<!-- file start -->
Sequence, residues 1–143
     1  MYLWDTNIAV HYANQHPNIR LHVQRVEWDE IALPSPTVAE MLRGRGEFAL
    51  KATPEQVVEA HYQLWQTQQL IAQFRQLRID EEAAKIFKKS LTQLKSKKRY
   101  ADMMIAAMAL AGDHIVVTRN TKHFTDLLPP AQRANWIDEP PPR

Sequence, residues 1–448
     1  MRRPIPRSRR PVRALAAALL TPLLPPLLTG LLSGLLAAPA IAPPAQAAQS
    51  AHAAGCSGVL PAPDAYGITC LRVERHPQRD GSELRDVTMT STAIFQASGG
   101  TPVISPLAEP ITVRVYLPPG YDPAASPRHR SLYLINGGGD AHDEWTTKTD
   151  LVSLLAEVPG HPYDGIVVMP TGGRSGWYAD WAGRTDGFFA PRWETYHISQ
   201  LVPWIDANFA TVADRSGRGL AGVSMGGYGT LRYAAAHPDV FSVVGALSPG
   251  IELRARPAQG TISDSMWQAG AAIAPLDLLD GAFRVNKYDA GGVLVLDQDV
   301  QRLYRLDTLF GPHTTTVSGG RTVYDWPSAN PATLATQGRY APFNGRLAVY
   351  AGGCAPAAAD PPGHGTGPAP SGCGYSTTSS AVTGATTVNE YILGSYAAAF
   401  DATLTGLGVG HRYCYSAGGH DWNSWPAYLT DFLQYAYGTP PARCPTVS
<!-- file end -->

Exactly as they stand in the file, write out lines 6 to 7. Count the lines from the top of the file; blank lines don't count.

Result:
     1  MRRPIPRSRR PVRALAAALL TPLLPPLLTG LLSGLLAAPA IAPPAQAAQS
    51  AHAAGCSGVL PAPDAYGITC LRVERHPQRD GSELRDVTMT STAIFQASGG